It’s tempting to think of our politics today as unexampled, for their bitter sordidness, in our entire history. Well, that may be the case. But the election of 1800, between John Adams and Thomas Jefferson, surely comes close. Next month, Harvard releases the latest volume of its Adams Family Correspondence series, which covers that tumultuous period in our nation’s life: Adams Family Correspondence, Volume 14, edited by Hobson Woodward (Massachusetts Historical Society). Looks great! Here’s the publisher’s description:
John and Abigail Adams’s reflections on an emerging nation as they move into the new President’s House in Washington, D.C., are a highlight of the nearly 280 letters written over seventeen months printed in volume 14 of Adams Family Correspondence. The volume opens with the Adamses’ public and private expressions on the death of George Washington and concludes with John’s defeat in the contentious presidential election of 1800. Electoral College maneuvering, charges of sedition, and state-by-state strategizing are debated by the Adamses and their correspondents as the election advances toward deadlock and finally victory for Thomas Jefferson in the House of Representatives.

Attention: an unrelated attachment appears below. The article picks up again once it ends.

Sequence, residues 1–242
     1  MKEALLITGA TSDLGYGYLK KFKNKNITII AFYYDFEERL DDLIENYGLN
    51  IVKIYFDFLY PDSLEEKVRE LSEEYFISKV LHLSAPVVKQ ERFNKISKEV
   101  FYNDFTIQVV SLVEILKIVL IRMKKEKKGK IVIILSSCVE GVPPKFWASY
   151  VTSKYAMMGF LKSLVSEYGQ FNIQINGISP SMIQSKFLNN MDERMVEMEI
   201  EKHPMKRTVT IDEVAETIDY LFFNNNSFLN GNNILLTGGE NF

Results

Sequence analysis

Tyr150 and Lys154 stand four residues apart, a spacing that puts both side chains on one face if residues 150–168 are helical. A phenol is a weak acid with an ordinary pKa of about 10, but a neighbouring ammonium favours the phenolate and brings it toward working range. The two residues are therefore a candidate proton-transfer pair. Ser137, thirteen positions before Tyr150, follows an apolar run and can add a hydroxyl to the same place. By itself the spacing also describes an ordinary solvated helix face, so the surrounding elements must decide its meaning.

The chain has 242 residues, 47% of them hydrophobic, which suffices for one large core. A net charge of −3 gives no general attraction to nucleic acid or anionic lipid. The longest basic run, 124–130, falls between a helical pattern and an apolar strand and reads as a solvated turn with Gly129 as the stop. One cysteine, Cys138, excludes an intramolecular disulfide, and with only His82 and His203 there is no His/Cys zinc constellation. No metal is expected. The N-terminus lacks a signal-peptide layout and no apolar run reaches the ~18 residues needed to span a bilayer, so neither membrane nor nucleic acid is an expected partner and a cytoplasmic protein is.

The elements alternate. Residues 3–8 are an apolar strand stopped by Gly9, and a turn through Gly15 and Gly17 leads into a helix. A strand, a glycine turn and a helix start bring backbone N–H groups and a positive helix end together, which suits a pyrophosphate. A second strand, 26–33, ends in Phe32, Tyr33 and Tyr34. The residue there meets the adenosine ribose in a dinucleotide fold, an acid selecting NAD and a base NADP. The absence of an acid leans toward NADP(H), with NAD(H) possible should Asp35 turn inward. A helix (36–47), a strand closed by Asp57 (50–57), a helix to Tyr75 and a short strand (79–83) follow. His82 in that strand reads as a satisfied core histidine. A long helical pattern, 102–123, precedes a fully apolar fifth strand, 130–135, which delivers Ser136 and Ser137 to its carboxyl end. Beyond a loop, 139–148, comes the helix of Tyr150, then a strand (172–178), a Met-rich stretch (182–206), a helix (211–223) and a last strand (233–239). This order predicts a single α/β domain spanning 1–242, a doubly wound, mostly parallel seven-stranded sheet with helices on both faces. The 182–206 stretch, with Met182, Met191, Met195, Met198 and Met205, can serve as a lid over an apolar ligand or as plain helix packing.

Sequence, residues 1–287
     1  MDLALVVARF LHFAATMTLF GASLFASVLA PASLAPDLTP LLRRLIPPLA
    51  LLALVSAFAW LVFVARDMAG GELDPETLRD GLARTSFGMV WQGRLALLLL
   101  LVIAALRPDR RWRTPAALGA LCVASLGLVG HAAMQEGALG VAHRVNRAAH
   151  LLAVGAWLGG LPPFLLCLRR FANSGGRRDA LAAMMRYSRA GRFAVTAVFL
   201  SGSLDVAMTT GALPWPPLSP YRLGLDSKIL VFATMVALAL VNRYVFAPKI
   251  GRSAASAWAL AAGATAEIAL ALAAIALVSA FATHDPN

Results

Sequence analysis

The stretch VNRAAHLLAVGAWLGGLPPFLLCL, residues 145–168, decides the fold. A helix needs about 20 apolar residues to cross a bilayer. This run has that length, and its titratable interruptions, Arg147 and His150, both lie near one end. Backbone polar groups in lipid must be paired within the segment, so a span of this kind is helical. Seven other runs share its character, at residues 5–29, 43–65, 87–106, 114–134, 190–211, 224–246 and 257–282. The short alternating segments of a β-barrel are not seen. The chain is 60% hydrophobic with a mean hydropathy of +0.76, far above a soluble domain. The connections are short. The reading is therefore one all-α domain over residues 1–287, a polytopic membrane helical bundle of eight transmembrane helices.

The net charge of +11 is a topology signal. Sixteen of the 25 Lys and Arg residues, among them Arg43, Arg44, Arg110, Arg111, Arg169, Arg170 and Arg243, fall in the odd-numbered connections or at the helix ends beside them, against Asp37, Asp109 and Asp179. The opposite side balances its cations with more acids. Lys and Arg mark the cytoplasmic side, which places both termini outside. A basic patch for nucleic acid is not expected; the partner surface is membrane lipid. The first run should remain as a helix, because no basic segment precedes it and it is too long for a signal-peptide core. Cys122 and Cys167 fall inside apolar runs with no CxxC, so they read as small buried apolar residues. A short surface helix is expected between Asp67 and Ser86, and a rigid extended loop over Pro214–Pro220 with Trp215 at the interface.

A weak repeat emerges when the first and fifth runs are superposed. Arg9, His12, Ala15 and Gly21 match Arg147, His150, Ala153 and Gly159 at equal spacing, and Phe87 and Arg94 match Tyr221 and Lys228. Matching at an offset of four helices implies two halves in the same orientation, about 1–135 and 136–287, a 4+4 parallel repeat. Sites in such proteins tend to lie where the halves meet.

John’s retirement from public life had some sweet mixed with the bitter. The U.S. mission to France resulted in the Convention of 1800 that ended the Quasi-War, and the so-called midnight appointments at the close of his presidency ushered in the transformative U.S. Supreme Court era of John Marshall—a coda anticipated in Abigail’s request to John in the final days of his administration: “I want to see the list of judges.”
The domestic life of the Adamses was equally dynamic. Abigail and John endured the crushing loss of their son Charles, whose struggle with alcohol ended in repudiation and death in New York. Son Thomas Boylston and daughter Nabby spent the period in relative stability, while John Quincy chronicled a tour of Silesia in letters home from Europe. At the volume’s close, the correspondence between John and Abigail comes to an end. As they retired to Quincy, their rich observations on the formation of the American republic would continue in letters to others if not to each other.